It's amazing how many people believe poor people should be further punished and rich people should be further rewarded by society and the government. There are a lot of low paying and part-time jobs with no or inadequate health insurance. Are these people and the elderly and disabled who depend on Medicaid just "takers" or "useless eaters" unworthy of our assistance? Remember no one is healthy and young forever. Almost anyone could be in desperate financial straights at some point in their life. We'll all pay in any case if people depend on the emergency room because they don't have insurance. If only we were like our more humane neighbors to the north or across the Atlantic.

Don't expand medicaid. A great article in the Keene Sentinel a few days back explains why. Medicaid reimbursement is the reason why health insurance costs are so high in NH. It's forcing the average normal premium paying non indigent person to absorb the costs of medicaid recipients. NH does not need to expand into a welfare state. It's totally unneccessary and the people receiving medicaid are NOT the ones keeeping the NH economy vibrant and strong. We should be making sure that our back bone of society, the ones working the 30-50 hour work week are kept healthy and medically protected so they can keep doing their jobs and spending money in NH for all the things needed to keep our state functioning at the highest level of productivity possible. Not many medicaid recipients add much to the workforce dynamics. Enough with the bleeding heart mentality. No need to add more burdens to the people already paying enough to absorb the costs of the existing medicaid reicipients. DO NOT EXAPND MEDICAID IN NH. People can freely donate to a poverty health care fund if they want.

Desmond, like so many conservatives, is (to paraphrase John Kenneith Galbraith), " ... engaged in one of man's oldest exercises in moral philosophy; that is, the search for a superior moral justification for selfishness." The reality is far different. Medicaid, in its current limited state, is a far more efficient provider of health care services than is private insurance. That medicaid reimbursement does not meet 100% of what some for profit hospital describes as its "costs" is debatable, but even if true, represents only a tiny, tiny part of the problem. The real problem is that our current model places virtually 100% of the health care burden for working people directly on small, medium, and large companies that have chosen to do the right thing, and provide health care benefits for their employees. This system, a relic of World War II era tax law, makes it virtually impossible for American and New Hampshire companies to compete in the global marketplace. More than that, companies become the "payer of last resort" that do, in fact, end up subsidizing Medicaid payments to providers. But ask yourself this ... Why is it that for the same procedure, Medicaid patients get charged n, privately insured patients get charged n x 3, and uninsured patients get charged n x 10? The tiered charge system, just one of literally hundreds of unethical practices perpetrated on Americans by giant insurance corporations, sure appears to be in violation of the equal protection clause of the 14th amendment. I suggest New Hampshire expand Medicaid, which costs the state virtually nothing, and provide bare-bones decent medical coverage for the poor that need it. That's the moral, ethical thing to do here.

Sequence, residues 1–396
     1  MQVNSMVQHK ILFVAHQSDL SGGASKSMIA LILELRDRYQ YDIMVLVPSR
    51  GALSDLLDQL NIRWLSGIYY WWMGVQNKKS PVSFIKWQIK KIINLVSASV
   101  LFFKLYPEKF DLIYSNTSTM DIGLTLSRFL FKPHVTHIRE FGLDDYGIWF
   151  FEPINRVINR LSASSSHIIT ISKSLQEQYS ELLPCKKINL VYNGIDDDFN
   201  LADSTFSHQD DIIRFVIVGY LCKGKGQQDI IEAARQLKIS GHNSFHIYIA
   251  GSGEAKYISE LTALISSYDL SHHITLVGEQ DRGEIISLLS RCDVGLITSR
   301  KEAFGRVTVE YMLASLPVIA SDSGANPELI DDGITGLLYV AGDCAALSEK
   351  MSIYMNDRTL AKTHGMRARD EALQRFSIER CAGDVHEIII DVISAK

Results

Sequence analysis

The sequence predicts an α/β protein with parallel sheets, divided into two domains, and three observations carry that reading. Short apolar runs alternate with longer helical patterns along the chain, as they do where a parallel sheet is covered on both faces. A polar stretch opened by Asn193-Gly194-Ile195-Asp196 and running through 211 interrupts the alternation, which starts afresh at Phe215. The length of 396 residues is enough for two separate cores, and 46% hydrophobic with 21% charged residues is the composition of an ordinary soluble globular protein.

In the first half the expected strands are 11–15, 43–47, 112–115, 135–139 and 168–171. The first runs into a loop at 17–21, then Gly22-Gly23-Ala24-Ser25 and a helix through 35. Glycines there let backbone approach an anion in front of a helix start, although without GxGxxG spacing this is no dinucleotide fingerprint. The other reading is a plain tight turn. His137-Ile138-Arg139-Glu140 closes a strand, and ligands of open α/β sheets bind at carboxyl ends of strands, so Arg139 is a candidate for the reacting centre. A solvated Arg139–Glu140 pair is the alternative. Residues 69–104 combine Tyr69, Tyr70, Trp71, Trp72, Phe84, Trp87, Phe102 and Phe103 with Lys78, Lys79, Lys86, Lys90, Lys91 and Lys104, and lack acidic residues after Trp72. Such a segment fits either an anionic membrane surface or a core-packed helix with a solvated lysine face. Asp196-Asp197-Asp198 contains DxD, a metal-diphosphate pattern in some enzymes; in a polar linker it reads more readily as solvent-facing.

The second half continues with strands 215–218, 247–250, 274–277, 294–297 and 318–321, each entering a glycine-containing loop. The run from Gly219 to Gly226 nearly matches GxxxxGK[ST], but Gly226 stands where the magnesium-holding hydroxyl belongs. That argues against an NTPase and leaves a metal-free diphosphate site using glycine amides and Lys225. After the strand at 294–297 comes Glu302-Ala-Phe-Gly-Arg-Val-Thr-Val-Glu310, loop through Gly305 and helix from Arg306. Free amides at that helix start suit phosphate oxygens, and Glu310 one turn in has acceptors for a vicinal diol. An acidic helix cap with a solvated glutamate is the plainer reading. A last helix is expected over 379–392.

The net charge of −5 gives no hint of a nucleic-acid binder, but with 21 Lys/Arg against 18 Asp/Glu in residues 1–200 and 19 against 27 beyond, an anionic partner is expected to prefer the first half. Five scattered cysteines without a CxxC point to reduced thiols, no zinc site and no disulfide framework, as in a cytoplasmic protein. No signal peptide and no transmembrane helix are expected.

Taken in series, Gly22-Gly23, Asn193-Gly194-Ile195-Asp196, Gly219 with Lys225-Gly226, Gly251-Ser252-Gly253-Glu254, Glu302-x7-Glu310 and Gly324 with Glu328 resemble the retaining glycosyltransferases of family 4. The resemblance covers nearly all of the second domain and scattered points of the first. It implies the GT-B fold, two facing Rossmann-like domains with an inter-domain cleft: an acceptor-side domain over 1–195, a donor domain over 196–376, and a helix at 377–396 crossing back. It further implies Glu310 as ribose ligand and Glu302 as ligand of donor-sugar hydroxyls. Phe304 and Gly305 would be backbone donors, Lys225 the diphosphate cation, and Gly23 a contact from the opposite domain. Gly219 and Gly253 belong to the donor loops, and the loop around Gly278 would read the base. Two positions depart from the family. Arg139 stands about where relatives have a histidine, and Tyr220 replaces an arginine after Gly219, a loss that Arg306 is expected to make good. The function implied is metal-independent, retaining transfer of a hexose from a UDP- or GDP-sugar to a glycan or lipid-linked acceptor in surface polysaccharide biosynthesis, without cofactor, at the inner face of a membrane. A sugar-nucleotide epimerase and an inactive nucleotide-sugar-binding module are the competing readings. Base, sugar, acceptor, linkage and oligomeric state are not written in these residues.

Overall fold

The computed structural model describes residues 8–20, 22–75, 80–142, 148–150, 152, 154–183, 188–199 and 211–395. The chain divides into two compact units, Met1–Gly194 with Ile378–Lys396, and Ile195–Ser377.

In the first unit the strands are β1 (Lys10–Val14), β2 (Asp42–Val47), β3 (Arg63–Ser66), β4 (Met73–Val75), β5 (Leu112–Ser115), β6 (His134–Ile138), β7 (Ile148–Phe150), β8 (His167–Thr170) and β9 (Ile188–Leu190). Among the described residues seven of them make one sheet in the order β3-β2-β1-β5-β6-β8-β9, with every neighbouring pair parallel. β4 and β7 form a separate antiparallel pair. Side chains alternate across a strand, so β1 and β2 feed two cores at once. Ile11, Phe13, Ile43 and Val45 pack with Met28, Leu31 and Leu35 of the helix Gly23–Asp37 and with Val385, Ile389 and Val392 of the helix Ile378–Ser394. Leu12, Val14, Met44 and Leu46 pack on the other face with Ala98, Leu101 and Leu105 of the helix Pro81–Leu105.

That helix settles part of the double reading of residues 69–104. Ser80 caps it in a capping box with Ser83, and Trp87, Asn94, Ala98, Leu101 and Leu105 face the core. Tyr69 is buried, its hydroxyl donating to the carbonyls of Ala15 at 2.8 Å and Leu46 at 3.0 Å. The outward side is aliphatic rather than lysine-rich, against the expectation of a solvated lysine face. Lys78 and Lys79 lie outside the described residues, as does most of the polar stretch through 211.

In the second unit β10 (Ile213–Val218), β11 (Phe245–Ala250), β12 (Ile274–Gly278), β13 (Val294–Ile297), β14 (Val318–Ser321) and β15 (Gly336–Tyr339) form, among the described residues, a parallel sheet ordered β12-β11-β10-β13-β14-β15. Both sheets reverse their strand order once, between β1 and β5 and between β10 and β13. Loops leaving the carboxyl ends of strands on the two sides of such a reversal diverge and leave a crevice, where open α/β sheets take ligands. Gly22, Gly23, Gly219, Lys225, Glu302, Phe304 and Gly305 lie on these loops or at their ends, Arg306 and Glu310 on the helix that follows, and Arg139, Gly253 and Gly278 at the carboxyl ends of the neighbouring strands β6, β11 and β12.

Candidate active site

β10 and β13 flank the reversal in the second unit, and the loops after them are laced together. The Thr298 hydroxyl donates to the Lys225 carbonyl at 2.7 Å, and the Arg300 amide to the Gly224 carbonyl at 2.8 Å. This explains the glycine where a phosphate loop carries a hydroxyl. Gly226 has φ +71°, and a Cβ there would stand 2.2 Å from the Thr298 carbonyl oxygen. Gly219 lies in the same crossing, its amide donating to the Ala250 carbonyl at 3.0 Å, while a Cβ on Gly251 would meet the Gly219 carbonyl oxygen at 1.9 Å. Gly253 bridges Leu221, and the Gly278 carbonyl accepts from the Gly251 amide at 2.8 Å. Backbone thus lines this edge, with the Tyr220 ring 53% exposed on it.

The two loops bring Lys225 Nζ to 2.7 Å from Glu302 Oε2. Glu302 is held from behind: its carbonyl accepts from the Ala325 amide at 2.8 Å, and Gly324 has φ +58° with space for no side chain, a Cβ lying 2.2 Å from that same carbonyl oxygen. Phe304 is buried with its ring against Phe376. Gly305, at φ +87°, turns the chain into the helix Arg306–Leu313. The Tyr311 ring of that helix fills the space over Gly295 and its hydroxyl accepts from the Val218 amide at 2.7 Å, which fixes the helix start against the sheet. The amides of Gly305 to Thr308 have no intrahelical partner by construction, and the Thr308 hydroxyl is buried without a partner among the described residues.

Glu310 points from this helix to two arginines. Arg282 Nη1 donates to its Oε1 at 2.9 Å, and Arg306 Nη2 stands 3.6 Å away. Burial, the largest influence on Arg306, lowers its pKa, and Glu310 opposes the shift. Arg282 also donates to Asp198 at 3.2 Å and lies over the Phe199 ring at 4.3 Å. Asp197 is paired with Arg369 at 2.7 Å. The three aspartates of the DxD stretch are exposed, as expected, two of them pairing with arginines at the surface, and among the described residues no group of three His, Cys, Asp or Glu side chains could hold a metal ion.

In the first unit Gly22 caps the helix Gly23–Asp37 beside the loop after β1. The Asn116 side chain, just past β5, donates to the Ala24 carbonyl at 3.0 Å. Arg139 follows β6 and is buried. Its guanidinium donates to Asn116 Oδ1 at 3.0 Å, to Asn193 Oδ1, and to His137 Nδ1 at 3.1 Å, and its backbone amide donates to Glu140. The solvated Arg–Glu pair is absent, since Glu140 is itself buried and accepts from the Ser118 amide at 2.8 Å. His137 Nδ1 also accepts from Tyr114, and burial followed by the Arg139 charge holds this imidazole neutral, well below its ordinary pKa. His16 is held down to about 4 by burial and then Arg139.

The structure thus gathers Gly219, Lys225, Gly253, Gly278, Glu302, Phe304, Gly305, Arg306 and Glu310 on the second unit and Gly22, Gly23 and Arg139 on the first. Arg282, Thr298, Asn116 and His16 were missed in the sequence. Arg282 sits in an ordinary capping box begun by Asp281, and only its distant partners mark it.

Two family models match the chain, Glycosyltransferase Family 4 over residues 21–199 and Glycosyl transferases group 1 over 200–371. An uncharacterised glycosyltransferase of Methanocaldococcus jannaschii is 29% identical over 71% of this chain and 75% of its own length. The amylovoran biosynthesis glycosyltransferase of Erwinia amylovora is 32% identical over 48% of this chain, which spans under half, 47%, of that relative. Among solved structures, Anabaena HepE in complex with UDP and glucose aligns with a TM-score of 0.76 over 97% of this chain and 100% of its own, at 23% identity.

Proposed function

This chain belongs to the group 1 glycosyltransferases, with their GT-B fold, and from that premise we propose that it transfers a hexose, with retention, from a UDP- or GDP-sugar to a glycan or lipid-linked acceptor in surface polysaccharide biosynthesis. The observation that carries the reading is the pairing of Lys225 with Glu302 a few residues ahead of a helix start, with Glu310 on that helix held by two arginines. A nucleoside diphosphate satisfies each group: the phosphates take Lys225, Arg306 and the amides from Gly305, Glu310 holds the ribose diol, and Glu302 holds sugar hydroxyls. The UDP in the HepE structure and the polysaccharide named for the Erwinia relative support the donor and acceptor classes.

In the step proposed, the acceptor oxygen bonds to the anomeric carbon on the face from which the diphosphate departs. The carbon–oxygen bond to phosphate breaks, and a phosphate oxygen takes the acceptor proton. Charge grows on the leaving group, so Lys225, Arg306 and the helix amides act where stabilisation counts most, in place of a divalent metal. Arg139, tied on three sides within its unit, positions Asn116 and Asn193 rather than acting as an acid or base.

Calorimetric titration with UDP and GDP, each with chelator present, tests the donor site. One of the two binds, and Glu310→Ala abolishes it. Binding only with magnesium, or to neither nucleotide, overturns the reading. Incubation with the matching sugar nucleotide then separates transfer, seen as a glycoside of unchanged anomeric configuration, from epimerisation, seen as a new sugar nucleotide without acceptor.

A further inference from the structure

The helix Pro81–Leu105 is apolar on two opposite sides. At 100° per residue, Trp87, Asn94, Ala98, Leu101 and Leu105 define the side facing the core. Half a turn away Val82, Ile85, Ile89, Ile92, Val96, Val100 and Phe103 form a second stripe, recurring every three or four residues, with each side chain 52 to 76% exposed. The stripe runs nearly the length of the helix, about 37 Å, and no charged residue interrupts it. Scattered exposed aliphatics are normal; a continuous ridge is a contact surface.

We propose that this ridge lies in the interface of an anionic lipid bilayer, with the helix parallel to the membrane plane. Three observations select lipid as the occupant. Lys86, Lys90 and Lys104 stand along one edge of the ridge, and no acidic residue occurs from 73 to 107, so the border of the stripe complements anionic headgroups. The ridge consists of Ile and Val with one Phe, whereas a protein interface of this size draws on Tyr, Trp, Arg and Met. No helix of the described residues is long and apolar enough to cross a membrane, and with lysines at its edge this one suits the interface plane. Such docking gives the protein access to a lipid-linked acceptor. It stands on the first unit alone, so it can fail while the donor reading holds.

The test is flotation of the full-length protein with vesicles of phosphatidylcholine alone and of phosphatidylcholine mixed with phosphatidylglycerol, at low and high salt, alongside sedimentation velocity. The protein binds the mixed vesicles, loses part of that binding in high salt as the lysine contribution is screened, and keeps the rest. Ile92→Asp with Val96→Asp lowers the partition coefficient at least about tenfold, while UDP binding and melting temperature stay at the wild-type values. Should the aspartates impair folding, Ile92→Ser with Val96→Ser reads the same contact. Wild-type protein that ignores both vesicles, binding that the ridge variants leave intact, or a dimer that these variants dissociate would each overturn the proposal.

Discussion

Ben Leubsdorf, were there roll calls on the votes?

another nail in the coffin for the USA caused by the debt & deficit democrats